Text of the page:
Today at the Landings: 53 °F

Skidaway Audubon News

Courtesy of Skidaway Audubon

Skidaway is Going Green!

The shamrocks are out, and the Irish flags are up, but there’s more to March than St. Patrick’s Day. Skidaway Audubon’s upcoming and ongoing activities and events offer additional ways to “be green” this month.

Upcoming Events:

March 12: Learn about Skidaway Audubon’s network of birdhouses (the largest monitored birdhouse trail in the Southeast), what nesting materials birds prefer, and how to set up your own birdhouse, at the March 12 meeting of Skidaway Audubon. The presentation begins at 5:30 p.m. at Messiah Lutheran Church (1 West Ridge Road). The event is free for members of Friends of Skidaway Audubon (FOSA), and the cost is $5 for guests.

March 14: Join us and tour Oelschig Nursery, the Southeast’s oldest nursery, located just outside downtown Savannah. Oelschig specializes in providing flowering plants to landscapers throughout the Low Country. Organized by Skidaway Audubon, the tour group will carpool from Skidaway Island United Methodist Church at 10 a.m. and arrive at the greenhouses by 10:30 a.m. All participants must register in advance by visiting skidawayaudubon.org/events. This event is limited to 40 people and is free for FOSA members.

May 11: The 2020 Skidaway Audubon Golf Tournament FUNdraiser promises a ton of fun for all players, with wildlife-themed chip and putt challenges, “Tee off from the Turtle” markers on all par 5 holes, lots of mulligans, unique raffle prizes, and a tasty buffet at the clubhouse. A highlight of the event will be the Hole-in-One Grand Prize of $10,000!  Proceeds will fund a project to reverse the 90 percent decline in Monarch butterflies. To register for the tournament or become a hole sponsor, visit skidawayaudubon.org/events.

Sparrow Field: Volunteers at the pollinator berm at Sparrow Field were hampered by the recent rains, but managed to trim back the verbena and bottlebrush trees. Volunteers are needed to help do additional “spring cleaning” at the garden, located off Bartram Road. If you can lend a hand, please email friendsofskidawayaudubon@gmail.com.

Bird Cam: A great horned owl showed an early interest in the nest, but a pair of osprey have been steady visitors. They have spent much time fortifying the nest, mating, and eating the “catch of the day”.  Hopefully, the egg-laying soon will follow! Stay tuned at landingsbirdcam.com.

Bird Trail: Nesting season is underway! Thanks to many volunteers, the trail is looking good. Al Townsend rehabbed many birdhouses, damaged baffles were replaced, some posts were replaced, trail monitors were trained, and 15 bluebird boxes were retrofitted with smaller portals to accommodate smaller songbirds. Nuthatches have begun nest building, chickadees will start soon, and bluebirds will follow. All monitors were issued light blue flags for their golf carts that identify them as Audubon monitors. UGA’s Skidaway Aquarium has started a small bluebird trail and asked for input from Skidaway Audubon. Data will be shared throughout the season.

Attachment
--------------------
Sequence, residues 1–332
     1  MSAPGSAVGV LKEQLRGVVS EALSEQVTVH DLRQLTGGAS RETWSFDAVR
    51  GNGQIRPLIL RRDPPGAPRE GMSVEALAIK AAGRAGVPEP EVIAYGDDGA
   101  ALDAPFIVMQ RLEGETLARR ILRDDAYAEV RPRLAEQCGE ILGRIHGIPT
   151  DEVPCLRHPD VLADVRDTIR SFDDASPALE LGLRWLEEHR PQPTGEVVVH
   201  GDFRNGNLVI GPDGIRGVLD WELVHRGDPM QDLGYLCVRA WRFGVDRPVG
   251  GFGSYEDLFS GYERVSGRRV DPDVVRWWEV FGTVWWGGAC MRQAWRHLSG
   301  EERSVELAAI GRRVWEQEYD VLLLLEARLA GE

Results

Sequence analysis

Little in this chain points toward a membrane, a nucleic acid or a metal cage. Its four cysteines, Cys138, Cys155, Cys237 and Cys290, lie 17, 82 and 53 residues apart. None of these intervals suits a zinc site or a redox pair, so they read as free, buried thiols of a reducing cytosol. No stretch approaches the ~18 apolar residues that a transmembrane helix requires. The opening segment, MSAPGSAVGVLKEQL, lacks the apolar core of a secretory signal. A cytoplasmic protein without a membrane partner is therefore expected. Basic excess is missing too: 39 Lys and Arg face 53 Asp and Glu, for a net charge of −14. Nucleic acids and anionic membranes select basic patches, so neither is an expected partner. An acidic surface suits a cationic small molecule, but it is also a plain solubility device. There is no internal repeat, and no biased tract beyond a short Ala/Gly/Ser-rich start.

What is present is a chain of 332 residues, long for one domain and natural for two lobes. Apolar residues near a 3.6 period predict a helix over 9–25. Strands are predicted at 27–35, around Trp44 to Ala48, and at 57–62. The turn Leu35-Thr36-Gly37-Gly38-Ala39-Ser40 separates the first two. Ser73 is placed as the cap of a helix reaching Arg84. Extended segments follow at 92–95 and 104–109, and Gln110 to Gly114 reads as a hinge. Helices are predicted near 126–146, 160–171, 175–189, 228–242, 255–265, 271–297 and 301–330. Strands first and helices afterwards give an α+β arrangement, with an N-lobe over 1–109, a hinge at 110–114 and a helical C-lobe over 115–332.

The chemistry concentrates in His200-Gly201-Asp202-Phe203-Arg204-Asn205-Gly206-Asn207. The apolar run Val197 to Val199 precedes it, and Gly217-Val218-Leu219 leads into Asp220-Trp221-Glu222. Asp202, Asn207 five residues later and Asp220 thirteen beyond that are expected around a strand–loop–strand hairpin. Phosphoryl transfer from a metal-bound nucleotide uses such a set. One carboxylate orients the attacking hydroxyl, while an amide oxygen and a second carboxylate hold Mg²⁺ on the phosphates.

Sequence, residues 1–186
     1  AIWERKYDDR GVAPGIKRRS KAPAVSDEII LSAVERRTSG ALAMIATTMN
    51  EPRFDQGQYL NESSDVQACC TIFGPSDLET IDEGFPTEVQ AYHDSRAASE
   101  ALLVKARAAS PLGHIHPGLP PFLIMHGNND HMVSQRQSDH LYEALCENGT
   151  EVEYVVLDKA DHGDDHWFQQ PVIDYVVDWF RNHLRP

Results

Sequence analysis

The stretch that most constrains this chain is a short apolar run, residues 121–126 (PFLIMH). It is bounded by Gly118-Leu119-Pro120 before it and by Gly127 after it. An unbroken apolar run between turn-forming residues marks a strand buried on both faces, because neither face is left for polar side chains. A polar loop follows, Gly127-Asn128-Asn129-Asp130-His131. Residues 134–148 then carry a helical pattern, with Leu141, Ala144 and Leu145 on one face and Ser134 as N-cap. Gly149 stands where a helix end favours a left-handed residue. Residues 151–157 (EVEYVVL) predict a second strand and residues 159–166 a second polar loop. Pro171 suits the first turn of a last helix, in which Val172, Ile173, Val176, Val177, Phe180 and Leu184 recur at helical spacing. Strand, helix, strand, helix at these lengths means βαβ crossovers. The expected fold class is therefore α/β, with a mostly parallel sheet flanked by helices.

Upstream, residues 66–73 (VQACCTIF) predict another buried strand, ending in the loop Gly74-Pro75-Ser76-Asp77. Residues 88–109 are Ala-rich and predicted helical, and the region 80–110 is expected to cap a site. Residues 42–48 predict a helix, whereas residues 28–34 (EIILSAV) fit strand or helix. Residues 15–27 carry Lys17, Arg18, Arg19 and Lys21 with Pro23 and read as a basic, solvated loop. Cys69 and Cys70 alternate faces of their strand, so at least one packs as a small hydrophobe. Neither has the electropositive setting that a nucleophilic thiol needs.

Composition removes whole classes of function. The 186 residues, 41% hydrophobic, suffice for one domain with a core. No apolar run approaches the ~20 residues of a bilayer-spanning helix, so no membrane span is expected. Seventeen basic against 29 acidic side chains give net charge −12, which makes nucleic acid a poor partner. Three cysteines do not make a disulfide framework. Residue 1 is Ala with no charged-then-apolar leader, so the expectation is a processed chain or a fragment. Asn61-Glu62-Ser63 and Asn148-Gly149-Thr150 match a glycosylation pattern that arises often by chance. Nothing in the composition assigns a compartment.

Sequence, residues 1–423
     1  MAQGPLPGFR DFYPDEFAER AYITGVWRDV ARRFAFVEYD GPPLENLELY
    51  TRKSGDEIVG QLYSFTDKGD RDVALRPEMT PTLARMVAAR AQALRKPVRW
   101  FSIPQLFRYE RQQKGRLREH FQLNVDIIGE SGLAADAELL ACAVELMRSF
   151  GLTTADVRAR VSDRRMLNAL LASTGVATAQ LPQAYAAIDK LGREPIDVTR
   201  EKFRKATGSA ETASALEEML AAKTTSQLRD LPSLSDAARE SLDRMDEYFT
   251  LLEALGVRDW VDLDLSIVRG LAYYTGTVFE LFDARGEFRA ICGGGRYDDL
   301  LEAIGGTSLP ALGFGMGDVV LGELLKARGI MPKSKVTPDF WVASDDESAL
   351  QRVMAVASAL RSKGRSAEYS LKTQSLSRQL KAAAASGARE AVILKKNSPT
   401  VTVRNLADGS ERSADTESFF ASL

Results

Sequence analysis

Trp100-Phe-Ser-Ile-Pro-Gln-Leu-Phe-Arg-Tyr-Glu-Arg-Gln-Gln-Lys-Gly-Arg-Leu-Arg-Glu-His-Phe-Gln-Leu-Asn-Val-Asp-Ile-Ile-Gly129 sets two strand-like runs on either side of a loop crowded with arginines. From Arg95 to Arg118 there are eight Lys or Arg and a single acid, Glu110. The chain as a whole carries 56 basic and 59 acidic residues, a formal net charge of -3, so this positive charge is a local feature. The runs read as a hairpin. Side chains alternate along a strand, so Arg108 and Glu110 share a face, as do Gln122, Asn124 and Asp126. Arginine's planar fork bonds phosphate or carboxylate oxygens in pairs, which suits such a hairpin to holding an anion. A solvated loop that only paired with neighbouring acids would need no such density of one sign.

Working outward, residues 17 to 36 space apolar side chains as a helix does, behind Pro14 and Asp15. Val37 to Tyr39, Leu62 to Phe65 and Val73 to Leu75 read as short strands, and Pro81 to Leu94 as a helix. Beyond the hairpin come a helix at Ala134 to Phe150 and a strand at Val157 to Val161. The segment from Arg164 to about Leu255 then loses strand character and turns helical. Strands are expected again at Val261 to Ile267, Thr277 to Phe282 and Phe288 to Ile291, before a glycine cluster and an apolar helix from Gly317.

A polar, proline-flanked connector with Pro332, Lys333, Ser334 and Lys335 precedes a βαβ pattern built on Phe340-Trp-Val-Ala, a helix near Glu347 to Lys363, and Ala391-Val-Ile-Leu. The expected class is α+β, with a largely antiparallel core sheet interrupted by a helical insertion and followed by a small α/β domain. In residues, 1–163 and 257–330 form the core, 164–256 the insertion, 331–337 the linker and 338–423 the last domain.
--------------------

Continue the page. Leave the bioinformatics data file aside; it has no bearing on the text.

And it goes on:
Sustainable Skidaway:  An updated leaflet on Environmental Stewardship at Deer Creek was prepared for the 2020 Savannah Golf Championship, slated for April 2- 5.  It was approved by the PGA and will go in player and press packets.

Butterfly Trail: Planning is underway for Skidaway Audubon’s proposed Monarch Butterfly Trail. Monarch numbers have dropped dramatically in recent years. The initiative calls for planting milkweed, which Monarchs need for reproduction, in out-of-play areas along the golf courses. Three areas on Palmetto were identified as potential sites for pollinator gardens. The proposal is being developed in cooperation with The Landings Club.

Bat Houses: The Georgia Department of Natural Resources has recommended relocating four Skidaway Audubon bat houses, so they receive morning but not afternoon sun, and are closer to freshwater. Locations for six new bat houses are being evaluated. Skidaway Audubon maintains bat houses along five golf courses. Bat houses can draw unwanted bats away from homes, and attract them to areas where they can consume massive amounts of mosquitoes and other insects.

Turtle Talk: The University of Georgia will host a one-day conference on Jekyll Island in March to foster collaboration among the diamondback terrapin rescue programs along the Georgia coast. Skidaway Audubon’s turtle program coordinators are invited to participate in this inaugural event. Skidaway volunteers rescue terrapin eggs from the golf course sand traps, hatch them, and last year released 2,225 turtles into the marshes. The Skidaway program is the largest of its kind from Cape Cod to Corpus Christi. The “Turtle Team” needs volunteers. Please email friendsofskidawayaudubon@gmail.com if you are interested.

For more information about these and other Skidaway Audubon programs, visit skidawayaudubon.org.